• Include the type, form and frequency of the posting [...]

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Congress Can Open Financial Institutions to Legal Cannabis Industry with SAFE Banking Act

Federal statutes create risk for banks that want to operate in the cannabis space. Banks face the threat of civil actions, asset forfeiture, reputational risk, and even criminal penalties if they do business with customers in the cannabis industry. Further, because most banks will not touch cannabis money, the growers, processors, and retailers in the industry must often operate on a cash-only basis. The Internal Revenue Service has even had to build “cash rooms” to accommodate taxes paid by legal cannabis companies.

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FDA Extends Compliance Date for Updated Nutrition Facts Label

The Food and Drug Administration (FDA) is extending the compliance dates for updating the familiar Nutrition Facts labels, from July 26, 2018 to January 1, 2020, for manufacturers with $10 million or more in annual food sales. Manufacturers with less than $10 million in annual food sales will receive an extra year to comply – until January 1, 2021.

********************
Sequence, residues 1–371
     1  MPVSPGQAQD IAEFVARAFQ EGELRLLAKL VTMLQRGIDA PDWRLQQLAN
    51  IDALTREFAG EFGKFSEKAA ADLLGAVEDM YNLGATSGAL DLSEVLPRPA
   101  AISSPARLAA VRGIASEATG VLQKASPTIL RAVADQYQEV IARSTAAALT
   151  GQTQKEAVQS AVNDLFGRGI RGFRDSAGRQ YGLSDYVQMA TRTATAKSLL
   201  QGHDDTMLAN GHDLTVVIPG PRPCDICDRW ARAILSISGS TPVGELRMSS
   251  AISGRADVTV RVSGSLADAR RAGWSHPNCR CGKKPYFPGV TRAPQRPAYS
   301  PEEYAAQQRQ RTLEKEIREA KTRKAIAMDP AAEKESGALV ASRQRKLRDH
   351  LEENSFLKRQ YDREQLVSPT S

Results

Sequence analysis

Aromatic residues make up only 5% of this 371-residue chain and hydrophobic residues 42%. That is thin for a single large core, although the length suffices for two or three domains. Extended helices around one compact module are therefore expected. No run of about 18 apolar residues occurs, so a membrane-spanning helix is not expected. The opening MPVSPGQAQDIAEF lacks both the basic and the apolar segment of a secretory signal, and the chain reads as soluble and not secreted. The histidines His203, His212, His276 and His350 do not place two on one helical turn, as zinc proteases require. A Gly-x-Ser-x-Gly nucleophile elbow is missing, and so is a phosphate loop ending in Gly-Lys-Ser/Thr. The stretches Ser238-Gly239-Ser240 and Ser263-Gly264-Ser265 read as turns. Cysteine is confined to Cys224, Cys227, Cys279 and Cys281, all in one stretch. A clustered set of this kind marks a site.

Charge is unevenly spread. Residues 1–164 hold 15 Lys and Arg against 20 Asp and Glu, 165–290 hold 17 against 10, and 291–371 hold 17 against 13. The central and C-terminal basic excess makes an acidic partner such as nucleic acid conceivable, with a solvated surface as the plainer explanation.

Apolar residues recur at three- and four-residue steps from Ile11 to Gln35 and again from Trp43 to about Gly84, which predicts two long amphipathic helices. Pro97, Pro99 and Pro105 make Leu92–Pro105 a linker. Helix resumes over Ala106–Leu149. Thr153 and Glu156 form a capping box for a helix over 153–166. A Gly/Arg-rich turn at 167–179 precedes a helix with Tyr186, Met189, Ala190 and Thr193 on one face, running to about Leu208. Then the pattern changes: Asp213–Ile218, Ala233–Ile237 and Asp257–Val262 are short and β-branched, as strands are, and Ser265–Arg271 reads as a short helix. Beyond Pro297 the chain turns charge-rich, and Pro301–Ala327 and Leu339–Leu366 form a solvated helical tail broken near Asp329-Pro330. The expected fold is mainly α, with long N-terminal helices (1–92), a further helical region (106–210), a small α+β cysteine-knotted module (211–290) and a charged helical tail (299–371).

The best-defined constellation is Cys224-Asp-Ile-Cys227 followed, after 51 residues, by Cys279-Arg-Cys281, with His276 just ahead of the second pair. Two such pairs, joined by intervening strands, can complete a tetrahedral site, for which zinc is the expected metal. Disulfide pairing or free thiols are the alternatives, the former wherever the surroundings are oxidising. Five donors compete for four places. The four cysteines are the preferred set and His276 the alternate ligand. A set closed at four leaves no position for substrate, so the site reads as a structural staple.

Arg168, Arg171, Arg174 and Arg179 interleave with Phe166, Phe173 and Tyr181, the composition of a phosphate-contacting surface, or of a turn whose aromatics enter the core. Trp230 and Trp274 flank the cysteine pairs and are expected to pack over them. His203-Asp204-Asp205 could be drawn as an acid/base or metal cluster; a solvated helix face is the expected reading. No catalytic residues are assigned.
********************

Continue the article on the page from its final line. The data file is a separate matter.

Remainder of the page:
FDA explained that after considering a range of stakeholder comments, there was a need for manufacturers to have additional time to make required label changes. The approximately 18-month extension accomplishes this goal and will provide sufficient time to transition to the new version of the Nutrition Facts label. Finally, FDA said it is committed to ensuring that all manufacturers have guidance to help implement the required label changes by the upcoming compliance dates and the additional time will help FDA achieve that objective.